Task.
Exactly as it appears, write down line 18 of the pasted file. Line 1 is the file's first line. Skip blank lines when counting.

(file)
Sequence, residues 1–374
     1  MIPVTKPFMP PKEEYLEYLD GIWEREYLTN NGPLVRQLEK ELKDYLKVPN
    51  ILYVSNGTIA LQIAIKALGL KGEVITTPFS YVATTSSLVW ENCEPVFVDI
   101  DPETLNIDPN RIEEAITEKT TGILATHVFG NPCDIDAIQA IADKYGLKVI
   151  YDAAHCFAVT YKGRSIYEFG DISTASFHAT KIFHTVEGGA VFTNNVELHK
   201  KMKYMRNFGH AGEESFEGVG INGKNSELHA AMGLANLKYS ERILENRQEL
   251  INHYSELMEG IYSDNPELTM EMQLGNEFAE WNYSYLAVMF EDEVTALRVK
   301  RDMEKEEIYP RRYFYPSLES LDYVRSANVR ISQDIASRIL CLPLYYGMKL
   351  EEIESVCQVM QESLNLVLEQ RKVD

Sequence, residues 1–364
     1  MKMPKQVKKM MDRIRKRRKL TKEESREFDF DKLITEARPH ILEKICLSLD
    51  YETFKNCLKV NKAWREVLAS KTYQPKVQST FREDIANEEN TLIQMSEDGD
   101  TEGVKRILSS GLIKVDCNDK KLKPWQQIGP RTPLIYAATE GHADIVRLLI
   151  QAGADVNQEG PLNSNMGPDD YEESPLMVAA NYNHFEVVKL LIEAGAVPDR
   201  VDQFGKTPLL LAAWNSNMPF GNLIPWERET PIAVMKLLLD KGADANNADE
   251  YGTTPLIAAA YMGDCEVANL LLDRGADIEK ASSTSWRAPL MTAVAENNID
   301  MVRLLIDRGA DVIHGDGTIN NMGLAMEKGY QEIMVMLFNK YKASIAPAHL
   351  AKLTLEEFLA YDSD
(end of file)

   351  AKLTLEEFLA YDSD